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Intelligent gigabyte cities — the wave of the future


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These recommendations borrow from the Kansas City Google Fiber Playbook and Deployment Plan for Smart Grid in Colorado,

• What job classifications do you need for the new business model?

EDUCATION Pre-K teacher coaching. Use high-speed fiber to support real-time teacher coaching, build virtual learning communities, and improve educational outcomes for young children. K-12 classroom demonstrations. Develop pilot projects that focus on classroom demonstrations providing advanced technology, while developing new instructional techniques and learning methods to help teachers and students take full advantage of the gigabit infrastructure. Libraries. Encourage collaboration among libraries to enhance and extend distance-learning opportunities and sharing of resources. Enable local public, school, and academic libraries to collaborate using high-speed fiber to enhance and extend distancelearning opportunities and share resources. ARTS AND CULTURE Digital arts. Undertake arts innovations that take advantage of high-speed broadband access. Showcase local art, writing, and music. Tourism. Ask for tourism related pilots to identify innovative ways to advertise tourism and market regional visitor services.

HEALTH Telehealth. Demonstrate the advantages of using high-speed broadband to provide diagnostic and other services to patients in appropriate settings, including primary care services, safety net facilities, schools, at home and at work. Medical insurance reimbursement. Initiate a pilot medical insurance reimbursement model that allows health care providers to implement new telemedicine solutions for improved health outcomes. Determine if health care providers can lower costs if they take full advantage of technology.

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• What kind of support do you need to achieve these goals? • What type of industry demonstration programs are you willing to test? • How do power failures or limitations impact your business? Local governments also can begin integrating energy reduction, the application of gigabyte internet speed, and smart grid into their general plan, zoning ordinances, and capital improvement plans. Imagine what gigabyte speed can do for education, entertainment, communication, healthcare, tourism, and local government competitiveness! Learners can choose programs anytime and anyplace. Downloading and sharing bandwidth-intensive videos, digital media, entertainment — and richer communication with others we work with — will be possible. Seamless and secure information exchange among hospitals, clinics, and patients at home can improve and personalize healthcare delivery. Energy, water, waste, transportation, emergency management, intelligent lighting, buildings, and communications will be transformed. Government services also will be transformed with the availability of sensors and data that allow more information to be more readily available regarding natural systems, the built environment, and social equity. Rapid access to comprehensive data will make it easier to develop fact-based predictions, identify weaknesses or failures in systems, and more accurately budget for capital improvements. Online versus in-person services will be available for drivers’ licenses, automobile registration, voting, court date scheduling, and fee payments. Transition to gigabyte speed and smart grid requires significant investment and new technology and therefore will be gradual. There are a number of pilot programs that could be conducted to test incremental change, identify best management practices, and create templates for replication that could create regional consistency and long-term sustainability (see sidebar). SANTA CLARA UNIVERSITY’S EXPERIENCE Santa Clara University (SCU) is currently conducting a microgrid pilot to ensure energy reliability, reduce the cost of energy, transition to green energy, and develop the capability to operate with the grid down for extended periods. The impetus for the (continued on next page)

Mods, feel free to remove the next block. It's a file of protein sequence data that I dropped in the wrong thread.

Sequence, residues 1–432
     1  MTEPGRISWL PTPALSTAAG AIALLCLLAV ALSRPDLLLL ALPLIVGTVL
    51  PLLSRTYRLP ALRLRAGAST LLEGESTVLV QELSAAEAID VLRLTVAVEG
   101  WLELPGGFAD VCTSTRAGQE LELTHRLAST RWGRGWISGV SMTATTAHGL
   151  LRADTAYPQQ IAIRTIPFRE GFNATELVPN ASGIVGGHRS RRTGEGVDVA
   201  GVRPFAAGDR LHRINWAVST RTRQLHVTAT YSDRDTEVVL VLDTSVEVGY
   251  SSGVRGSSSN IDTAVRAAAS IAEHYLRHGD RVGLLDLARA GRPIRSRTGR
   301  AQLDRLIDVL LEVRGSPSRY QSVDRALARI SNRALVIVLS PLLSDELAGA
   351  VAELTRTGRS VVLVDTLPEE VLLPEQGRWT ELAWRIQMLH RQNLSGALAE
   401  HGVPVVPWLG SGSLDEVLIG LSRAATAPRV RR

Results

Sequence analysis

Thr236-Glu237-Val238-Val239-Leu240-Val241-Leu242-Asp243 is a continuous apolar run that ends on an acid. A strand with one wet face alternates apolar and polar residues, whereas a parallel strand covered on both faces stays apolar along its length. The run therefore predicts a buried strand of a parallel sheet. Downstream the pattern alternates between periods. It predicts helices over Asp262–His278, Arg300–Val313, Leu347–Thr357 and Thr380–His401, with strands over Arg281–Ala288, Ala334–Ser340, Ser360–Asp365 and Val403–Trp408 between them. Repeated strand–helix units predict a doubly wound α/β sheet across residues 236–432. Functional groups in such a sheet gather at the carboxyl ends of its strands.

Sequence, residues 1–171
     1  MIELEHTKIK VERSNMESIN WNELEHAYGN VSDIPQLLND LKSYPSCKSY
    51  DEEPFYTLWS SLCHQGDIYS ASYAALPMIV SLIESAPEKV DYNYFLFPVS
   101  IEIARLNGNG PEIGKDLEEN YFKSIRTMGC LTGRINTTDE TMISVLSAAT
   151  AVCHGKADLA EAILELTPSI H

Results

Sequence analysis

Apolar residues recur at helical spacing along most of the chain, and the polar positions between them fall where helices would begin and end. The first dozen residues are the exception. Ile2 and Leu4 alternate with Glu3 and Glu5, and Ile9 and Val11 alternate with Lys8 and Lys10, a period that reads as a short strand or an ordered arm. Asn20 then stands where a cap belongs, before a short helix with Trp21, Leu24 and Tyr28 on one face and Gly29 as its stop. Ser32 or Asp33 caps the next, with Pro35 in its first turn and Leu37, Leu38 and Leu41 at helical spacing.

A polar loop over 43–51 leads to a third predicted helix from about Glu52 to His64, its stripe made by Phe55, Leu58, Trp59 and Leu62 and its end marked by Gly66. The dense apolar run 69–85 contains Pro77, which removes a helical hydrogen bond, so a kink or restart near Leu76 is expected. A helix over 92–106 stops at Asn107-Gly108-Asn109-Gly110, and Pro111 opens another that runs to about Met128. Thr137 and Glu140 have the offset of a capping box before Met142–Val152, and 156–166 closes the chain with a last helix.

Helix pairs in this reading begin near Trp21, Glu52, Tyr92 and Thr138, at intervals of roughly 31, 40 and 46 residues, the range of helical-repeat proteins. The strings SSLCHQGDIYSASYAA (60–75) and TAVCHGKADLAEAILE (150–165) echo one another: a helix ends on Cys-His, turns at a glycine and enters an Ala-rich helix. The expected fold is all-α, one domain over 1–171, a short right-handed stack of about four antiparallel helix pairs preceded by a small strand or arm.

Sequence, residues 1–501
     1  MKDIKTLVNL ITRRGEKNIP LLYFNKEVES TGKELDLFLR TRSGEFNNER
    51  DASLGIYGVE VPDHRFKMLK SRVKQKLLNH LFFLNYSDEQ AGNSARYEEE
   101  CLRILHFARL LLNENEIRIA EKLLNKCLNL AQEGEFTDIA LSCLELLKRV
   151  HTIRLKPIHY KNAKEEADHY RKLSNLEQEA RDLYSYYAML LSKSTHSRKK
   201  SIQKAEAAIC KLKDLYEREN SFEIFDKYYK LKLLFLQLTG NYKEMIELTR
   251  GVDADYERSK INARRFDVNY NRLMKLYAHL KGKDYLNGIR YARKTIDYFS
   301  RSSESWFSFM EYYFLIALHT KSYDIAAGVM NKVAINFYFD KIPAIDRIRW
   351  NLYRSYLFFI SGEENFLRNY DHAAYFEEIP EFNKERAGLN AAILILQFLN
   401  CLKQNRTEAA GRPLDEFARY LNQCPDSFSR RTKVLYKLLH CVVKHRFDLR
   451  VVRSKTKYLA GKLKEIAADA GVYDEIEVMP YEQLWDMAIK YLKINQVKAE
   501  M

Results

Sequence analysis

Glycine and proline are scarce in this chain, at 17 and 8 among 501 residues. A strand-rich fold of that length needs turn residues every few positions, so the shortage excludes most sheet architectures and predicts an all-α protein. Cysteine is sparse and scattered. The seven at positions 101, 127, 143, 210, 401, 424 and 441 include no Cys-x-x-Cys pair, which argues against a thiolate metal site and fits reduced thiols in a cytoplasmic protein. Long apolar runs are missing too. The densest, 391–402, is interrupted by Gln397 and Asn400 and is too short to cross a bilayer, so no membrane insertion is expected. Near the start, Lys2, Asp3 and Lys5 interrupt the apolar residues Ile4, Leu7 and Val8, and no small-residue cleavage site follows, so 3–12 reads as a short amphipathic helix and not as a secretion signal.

Northern News


October 2012

Northern News, Oct 2012  

Urban planning news for northern california

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